Lichtenstein v. Lichtenstein, Ky. S. Ct., Income Withholding Orders For Child Support, Property Division And Marital Debt

Lichtenstein v. Lichtenstein, 2008 SC-000661-DG

Lichtenstein v. Lichtenstein, 2008 SC-000661-DG

Issue:  Income withholding orders for child support, property division, and reimbursement of marital debt.

Published:   Reversing

County: Jefferson


Husband’s appeal involved two Income Withholding Orders, each requiring garnishment of his wages.  One Order was for child support arrearage, spousal support arrearage, medical care, insurance reimbursement, and attorney’s fees.  The other was for wife’s monetary share of marital property and reimbursement for a marital debt she paid.  Husband claimed the Order for child support failed to take into account wife’s support arrearage as a result of a change in custody and further claimed that Kentucky’s Uniform Interstate Family Support Act (UIFSA) does not apply to marital debt or property and therefore the Order for property division and reimbursement of marital debt exceeds statutory limitations applicable to ordinary garnishment of non-child support debt.


The parties were married in 1978 and had two children.  Husband is a physician and wife is an attorney.  Husband filed for divorce in November 1990 and in June, 1996 the court issued a ruling on all financial issues, including child support.  This judgment was appealed and on August 28, 1998 the trial court was affirmed on all issues.


Wife served an Order of Wage Garnishment on husband’s employer (Louisville Children’s Eye Specialists, PSC, of which husband was the only shareholder) in September, 1996 and from September, 1996 through February, 2000, the PSC remitted $8817.74 to wife pursuant to the Order.


In October, 1996 parties signed Agreed Order giving husband physical custody of children, discontinuing his child support while the children were with him, reserving the issue of child support to be paid by wife and agreement that wife’s child support would be set off as against husband’s arrearage.


On January 30, 2003, wife moved family court to hold husband in contempt for failing to satisfy June, 1996 judgment and hold husband’s PSC liable for failure to respond to the 1996 Order of Wage Garnishment.  Husband responded with request that court establish wife’s child support for the period he had custody and determine how much he actually owed under the June, 1996 judgment after offsetting wife’s obligation.


Family Court found that the 1996 Agreed Order had modified the original child support order and that it was an enforceable order, the terms of which were at issue in the pending litigation, and that wife’s off-set applied only to the child support arrearage issues.  The court found husband’s PSC liable to wife for funds that should have been withheld plus 12% interest and specifically found that none of the $121,586.76 for “other support” was from child support arrearage.  Trial Court decided that child support and other support contempt proceedings would be heard separately as unrelated claims.  Nevertheless, the court held husband in civil contempt for failure to pay the entire June, 1996 judgment by an Order dated April 26, 2006.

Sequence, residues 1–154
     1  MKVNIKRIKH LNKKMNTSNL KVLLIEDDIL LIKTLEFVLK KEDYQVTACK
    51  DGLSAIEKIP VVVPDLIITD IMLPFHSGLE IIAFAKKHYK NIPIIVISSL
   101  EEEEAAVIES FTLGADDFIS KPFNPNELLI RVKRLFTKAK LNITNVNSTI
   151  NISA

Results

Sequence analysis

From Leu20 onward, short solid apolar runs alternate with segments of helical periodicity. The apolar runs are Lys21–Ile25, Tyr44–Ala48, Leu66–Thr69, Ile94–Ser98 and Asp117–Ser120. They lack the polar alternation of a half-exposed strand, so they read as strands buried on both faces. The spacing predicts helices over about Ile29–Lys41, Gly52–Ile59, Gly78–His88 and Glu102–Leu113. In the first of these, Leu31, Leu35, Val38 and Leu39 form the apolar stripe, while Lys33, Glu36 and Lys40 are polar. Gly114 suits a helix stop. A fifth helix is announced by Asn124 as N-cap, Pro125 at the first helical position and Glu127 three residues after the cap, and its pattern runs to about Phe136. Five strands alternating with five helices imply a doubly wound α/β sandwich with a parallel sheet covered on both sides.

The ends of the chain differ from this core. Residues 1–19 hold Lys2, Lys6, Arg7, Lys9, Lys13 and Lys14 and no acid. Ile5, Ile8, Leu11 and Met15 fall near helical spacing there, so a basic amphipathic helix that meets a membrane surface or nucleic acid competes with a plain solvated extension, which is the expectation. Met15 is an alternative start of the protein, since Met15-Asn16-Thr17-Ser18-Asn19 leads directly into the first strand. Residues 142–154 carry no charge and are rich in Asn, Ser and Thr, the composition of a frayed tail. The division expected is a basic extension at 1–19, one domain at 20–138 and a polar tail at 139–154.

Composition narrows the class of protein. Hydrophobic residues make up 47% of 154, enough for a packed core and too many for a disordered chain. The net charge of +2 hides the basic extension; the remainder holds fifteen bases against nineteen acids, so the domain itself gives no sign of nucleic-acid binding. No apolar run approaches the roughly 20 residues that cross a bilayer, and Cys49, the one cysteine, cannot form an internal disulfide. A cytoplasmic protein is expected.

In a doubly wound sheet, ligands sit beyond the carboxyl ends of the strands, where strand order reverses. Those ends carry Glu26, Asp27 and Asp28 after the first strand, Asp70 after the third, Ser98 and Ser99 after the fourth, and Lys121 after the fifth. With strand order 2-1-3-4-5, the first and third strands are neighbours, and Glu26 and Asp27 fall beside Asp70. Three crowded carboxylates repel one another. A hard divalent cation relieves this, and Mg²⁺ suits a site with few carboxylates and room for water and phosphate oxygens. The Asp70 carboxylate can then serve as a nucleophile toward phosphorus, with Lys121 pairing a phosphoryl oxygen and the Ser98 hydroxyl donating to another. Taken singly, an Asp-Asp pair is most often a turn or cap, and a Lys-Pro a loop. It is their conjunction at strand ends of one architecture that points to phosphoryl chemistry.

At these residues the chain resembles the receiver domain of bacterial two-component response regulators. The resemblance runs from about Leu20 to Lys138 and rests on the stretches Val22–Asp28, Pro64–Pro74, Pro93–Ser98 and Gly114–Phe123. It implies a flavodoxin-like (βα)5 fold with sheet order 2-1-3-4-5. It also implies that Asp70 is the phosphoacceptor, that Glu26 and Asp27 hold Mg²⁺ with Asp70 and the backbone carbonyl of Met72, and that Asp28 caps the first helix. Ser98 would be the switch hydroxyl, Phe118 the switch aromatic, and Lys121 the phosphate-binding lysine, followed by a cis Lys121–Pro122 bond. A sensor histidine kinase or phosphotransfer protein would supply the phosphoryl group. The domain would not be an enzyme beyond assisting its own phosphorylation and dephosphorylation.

Husband moved to Illinois in July, 2005 and in August, 2006 wife moved for, and court granted, an Income Withholding Order for $639,773.12 encompassing the entire June, 1996 judgment, with interest, and did not determine amount of child support owed by wife.  Husband moved to vacate and argued that property division and marital debt does not constitute support.


In March, 2007, wife requested the court to enter superseding orders because the February, 2009 orders did not comply with Illinois law, to which husband objected.  He asserted that the failure to determine the amount to be offset before entering orders constituted an abuse of discretion or a violation of due process and that UIFSA does not support issuance of orders for property division or reimbursement of marital debt.




Supreme Court held that the family court’s failure to determine the amount wife owed was an abuse of discretion and remanded for further proceedings.  The Court reasoned that since the parties had agreed that wife’s child support would be determined and offset against husband’s arrearage and their agreement was found to be enforceable in the court’s September 2004 Order, it was error to enter an Income Withholding Order before offsetting wife’s obligation.


The Supreme Court disagreed with the Court of Appeals’ holding that the statutory definition of “support order” was sufficiently broad to include all items in the original 1996 trial court judgment, and held that monies owed for interest in marital property or for payment of marital debt cannot be construed as support within the context of the Family Support Act.  The court reasoned that the UIFSA does not provide for litigation of matters collateral to child or spousal support, thus reimbursement of a marital debt paid is not child support and cannot be enforced by an Income Withholding Order.


The decision of the Court of Appeals is reversed and matter remanded to Jefferson County Family Court for proceedings consistent with opinion.


Digested by Sandra G. Ragland, Diana L. Skaggs + Associates

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